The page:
The truth seems to be that things are only not fair when we demand that they should be, but for the most part we accept inherent inequalities without complaint. More particularly, we rarely raise the complaint when we are in the perceived better position. For instance, if I have studied, worked hard, have a good job and earn a decent income, does that then mean that it's not fair when someone else has not followed my path and is struggling financially. Or is it not fair when someone has followed more or less the same path, but has been presented with some opportunity by Life which has catapulted him or her into a super-wealth bracket?
When a parent divides a cupcake between her two children, there is perhaps a legitimate expectation of fairness in the size of the shares, but outside of that situation why should anything be fair? Life is not supposed to fair: it just dishes up what it dishes up to different people and your opportunity is to see what you can do with it. It is only what is between our ears that demands fairness and perceives unfairness. Is it fair that your parents were alcoholics, or that you were born with a squint, or that you have shorter legs than Usain Bolt, or a lower IQ than Einstein or a deathly singing voice and no ear for tones? Or is that just the way that it is?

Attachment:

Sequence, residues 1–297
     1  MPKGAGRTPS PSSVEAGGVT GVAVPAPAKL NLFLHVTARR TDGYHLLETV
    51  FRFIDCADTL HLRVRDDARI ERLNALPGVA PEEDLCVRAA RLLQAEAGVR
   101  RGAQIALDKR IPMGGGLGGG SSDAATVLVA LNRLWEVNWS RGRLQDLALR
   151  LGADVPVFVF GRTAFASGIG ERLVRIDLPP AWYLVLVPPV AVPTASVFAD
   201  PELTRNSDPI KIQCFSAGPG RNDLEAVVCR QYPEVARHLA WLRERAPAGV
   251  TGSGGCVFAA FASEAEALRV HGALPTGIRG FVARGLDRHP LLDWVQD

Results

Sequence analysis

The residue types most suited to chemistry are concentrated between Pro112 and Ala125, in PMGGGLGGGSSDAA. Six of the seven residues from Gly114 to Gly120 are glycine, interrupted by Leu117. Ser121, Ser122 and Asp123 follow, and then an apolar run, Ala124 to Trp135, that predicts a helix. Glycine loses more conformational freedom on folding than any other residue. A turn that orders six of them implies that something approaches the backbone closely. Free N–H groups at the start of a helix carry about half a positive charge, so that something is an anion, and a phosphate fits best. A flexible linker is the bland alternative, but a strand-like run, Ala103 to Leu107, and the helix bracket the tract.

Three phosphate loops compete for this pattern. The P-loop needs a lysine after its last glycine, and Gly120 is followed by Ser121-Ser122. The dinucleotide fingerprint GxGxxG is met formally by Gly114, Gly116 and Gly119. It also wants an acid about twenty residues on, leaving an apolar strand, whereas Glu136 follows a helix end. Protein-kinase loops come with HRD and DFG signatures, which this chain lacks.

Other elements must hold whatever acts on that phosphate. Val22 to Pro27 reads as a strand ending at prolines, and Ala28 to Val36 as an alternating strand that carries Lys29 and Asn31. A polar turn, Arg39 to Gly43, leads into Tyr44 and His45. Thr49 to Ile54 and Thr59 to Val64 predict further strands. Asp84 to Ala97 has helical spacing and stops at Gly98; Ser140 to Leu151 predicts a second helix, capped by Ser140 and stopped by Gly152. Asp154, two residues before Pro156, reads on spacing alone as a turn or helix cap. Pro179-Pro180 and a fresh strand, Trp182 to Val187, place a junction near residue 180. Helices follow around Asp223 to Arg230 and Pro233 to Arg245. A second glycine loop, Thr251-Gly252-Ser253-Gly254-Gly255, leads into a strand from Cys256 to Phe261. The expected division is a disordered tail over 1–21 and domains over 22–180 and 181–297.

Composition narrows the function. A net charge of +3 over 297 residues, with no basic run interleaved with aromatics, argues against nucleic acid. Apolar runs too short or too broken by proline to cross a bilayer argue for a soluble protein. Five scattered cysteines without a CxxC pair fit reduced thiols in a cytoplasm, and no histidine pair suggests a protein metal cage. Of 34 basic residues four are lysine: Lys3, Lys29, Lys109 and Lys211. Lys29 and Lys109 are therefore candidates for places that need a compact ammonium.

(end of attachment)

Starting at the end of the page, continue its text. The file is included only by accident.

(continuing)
Perhaps the only time one is entitled to expect fairness is when laws governing a group of people are made. In a democratic society, it is legitimate to expect laws which apply and are applied equally to everyone, which is why we get so hacked off with corruption, apartheid, gender discrimination and so on. It is inconceivable that everything in life can be fair i.e that we each get exactly the same breaks, pursue the same careers, have the same 2.5 children or whatever the national average is, earn exactly the same income and so on.